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On creating a Main Character that feels real

On creating a Main Character that feels real.

What makes a character real? What makes them stand out from all the other 2 dimensional made up people out there in film, TV and books?

I actually don’t think there is a definite answer to that. But before you say, well why are we talking about it then, I want to add that it is possible to create a character that you can relate to. A character that deals with the same problems. That feels the same way. Or even acts like you, the reader, does.

Before I start drafting, I usually have a fair idea of who my main players are. I ask myself what they like, what are they afraid of, and most importantly, what are their flaws. Flaws are what make us human. No one is perfect. And if you are, then you are the main character of a sci-fi, possibly a robot, and I want to know the answer to life 😉

To help you with that, I have a handy list! (Obviously. When do I not have a list). This is just a few of MANY. But somewhere to start. And flaws aren’t always black and white. Once you start with one or two of these, your character will expand from there. Everyone deals differently. It’s how they react, given their flaws, that makes them relatable.

  • Absent-minded – Preoccupied to the extent of being unaware of one’s immediate surroundings. Abstracted, daydreaming, inattentive, oblivious, forgetful.
  • Anxious – Full of mental distress or uneasiness because of fear of danger or misfortune; greatly worried; solicitous.
  • Arrogant – Having or displaying a sense of overbearing self-worth or self-importance. Inclined to social exclusiveness and who rebuff the advances of people considered inferior. Snobbish.
  • Audacious – Recklessly bold in defiance of convention, propriety, law, or the like; insolent; braze, disobedient.
  • Bigmouth – A loud-mouthed or gossipy person.
  • Bigot – One who is strongly partial to one’s own group, religion, race, or politics and is intolerant of those who differ.
  • Blunt – Characterized by directness in manner or speech; without subtlety or evasion. Frank, callous, insensitive, brusque.
  • Bold – In a bad sense, too forward; taking undue liberties; over assuming or confident; lacking proper modesty or restraint; rude; impudent. Abrupt, brazen, cheeky, brassy, audacious.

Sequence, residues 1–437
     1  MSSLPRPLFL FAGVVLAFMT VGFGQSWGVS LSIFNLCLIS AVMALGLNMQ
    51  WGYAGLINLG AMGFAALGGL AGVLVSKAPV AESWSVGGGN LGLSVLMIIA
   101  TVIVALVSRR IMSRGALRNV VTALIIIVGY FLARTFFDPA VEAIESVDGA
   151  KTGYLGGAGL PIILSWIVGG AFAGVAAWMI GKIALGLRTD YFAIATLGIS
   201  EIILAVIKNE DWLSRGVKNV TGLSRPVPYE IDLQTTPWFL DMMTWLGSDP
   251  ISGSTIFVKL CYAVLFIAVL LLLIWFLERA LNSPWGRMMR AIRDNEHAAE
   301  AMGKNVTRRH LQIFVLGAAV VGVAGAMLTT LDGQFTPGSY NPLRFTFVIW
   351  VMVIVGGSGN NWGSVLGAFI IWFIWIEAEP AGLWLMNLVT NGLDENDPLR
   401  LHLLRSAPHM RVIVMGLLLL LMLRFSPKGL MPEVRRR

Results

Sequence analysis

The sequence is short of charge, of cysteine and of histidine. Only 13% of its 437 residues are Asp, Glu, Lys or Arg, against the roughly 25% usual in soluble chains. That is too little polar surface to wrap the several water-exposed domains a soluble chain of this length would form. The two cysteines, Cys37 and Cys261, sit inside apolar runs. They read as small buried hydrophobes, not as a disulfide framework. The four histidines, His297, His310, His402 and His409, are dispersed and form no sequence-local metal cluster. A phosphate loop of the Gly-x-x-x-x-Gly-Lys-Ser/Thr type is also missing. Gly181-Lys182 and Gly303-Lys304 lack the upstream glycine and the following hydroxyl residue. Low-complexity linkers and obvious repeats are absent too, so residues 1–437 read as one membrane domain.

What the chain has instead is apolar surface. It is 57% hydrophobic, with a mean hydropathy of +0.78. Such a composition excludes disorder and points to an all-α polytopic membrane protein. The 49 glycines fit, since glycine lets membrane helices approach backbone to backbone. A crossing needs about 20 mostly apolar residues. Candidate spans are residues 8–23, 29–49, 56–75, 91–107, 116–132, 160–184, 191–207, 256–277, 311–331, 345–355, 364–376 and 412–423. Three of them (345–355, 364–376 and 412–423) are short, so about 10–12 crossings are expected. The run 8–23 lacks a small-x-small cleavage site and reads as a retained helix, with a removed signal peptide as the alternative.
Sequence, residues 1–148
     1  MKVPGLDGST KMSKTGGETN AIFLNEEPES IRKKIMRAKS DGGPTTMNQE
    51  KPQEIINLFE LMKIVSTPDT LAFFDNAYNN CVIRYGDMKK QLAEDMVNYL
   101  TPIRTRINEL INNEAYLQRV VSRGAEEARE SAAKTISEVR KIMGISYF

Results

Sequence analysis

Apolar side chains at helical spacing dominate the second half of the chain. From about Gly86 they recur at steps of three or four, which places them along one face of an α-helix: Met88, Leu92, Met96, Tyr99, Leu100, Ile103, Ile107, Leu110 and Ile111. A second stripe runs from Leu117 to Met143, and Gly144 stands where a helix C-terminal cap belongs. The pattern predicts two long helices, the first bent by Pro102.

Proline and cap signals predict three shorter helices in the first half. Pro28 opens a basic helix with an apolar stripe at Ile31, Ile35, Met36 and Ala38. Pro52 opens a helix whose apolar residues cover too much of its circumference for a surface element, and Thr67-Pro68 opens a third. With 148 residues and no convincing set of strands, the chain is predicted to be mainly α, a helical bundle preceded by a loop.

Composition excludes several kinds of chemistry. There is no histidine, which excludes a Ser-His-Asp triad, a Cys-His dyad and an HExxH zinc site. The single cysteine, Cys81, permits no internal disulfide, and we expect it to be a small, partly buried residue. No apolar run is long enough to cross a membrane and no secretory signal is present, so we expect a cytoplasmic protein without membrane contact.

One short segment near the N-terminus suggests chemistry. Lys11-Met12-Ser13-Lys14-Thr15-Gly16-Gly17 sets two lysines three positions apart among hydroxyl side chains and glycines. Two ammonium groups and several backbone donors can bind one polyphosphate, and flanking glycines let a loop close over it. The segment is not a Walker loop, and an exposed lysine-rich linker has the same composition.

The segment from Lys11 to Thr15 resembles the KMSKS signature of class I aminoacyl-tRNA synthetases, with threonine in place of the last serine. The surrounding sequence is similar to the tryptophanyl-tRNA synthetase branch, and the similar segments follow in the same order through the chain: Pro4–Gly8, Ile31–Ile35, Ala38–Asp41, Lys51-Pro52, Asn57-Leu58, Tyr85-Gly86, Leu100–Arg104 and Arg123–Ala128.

• Callous – They are hardened to emotions, rarely showing any form of it in expression. Unfeeling. Cold.
  • Complex – An exaggerated or obsessive concern or fear. (List specific complex.)
  • Cruel – Mean to anyone or anything, without care or regard to consequences and feelings.
  • Cursed – A person who has befallen a prayer for evil or misfortune, placed under a spell, or borne into an evil circumstance, and suffers for it. Damned.
  • Dependent – Unable to exist, sustain oneself, or act appropriately or normally without the assistance or direction of another.
  • Deranged – Mentally decayed. Insane. Crazy. Mad. Psychotic.
  • Dishonest – Given to or using fraud, cheating; deceitful, deceptive, crooked, underhanded.
  • Disorder – An ailment that affects the function of mind or body. (List the disorders name if they have one.) See the Mental Disorder List.
  • Disturbed – Showing some or a few signs or symptoms of mental or emotional illness. Confused, disordered, neurotic, troubled.
  • Dubious – Fraught with uncertainty or doubt. Undecided, doubtful, unsure.
  • Egotistical – Characteristic of those having an inflated idea of their own importance. Boastful, pompous.
  • Envious – Showing extreme cupidity; painfully desirous of another’s advantages; covetous, jealous.
  • Erratic – Deviating from the customary course in conduct or opinion; eccentric: erratic behaviour. Eccentric, bizarre, outlandish, strange.
  • Fickle – Erratic, changeable, unstable – especially with regard to affections or attachments; capricious.
  • Fierce – Marked by extreme intensity of emotions or convictions; inclined to react violently; fervid.
  • Finicky – Excessively particular or fastidious; difficult to please; fussy. Too much concerned with detail. Meticulous, fastidious, choosy, critical, picky, prissy, pernickety.